One word will suffice: pride. We don’t memorize because we don’t think we need to memorize. Yet God warned us that pride would lead to our sure and certain fall (1 Cor. 10:12-13).

Joseph, of Egyptian fame, teaches us that humility is a great deterrent to sin. He saw temptation and set the land speed record for leaving the bedroom (Gen. 39:12). In his humility, he knew he couldn’t stand against temptation.

On the other hand, King David teaches us that if we think we can linger at temptation’s door without sinning we are gravely mistaken (2 Sam. 11:2-3). His pride led to his lingering, his lingering left him vulnerable to sin, and his sin brought tremendous destruction to his family.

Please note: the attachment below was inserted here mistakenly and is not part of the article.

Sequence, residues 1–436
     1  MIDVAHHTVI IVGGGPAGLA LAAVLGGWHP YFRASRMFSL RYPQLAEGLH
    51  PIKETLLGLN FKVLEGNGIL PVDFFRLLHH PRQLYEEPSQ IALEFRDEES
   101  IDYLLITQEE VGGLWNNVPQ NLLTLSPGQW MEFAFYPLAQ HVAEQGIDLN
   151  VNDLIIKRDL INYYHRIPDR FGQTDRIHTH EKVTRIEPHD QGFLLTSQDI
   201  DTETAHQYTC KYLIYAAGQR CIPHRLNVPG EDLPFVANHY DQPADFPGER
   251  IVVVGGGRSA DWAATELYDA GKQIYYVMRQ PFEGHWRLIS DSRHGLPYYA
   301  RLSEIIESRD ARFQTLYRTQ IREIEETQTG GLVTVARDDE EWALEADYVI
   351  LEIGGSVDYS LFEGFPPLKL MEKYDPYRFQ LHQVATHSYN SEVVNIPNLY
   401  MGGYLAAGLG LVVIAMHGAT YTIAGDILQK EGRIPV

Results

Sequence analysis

The humility principle is hidden in Jesus’ temptation account: Only the humble of heart will see the need to memorize the Scripture.

Jesus supremely modeled humility. The Bible says, 

And being found in human form, he humbled himself by becoming obedient to the point of death, even death on a cross (Philippians 2:8).

When tempted, his immediate response was to use the Scripture, further revealing his humility. Here’s a question: If the Son of God deemed it necessary to memorize the Scripture to defend himself against temptation, why would we think we’re exempt?

Satan’s clearest line of attack in temptation is directed at the pride of man. It was with Adam and Eve (Gen. 3:5), and it was with Jesus (Matt. 4:5).

To attempt a rational conversation with the tempter in the midst of temptation is a dangerous proposal. Even an archangel wouldn’t attempt it (Jude 9). Much better to simply respond with the appropriate Scripture, and the best way to gain access to the passage is through memorizing…just like Jesus.

For an excellent source of verses to memorize when facing temptation go to http://aboutfbc.org/downloads/scripture-memory-verse-cards.pdf

1http://www.scientificamerican.com/article.cfm?id=what-is-the-memory-capacity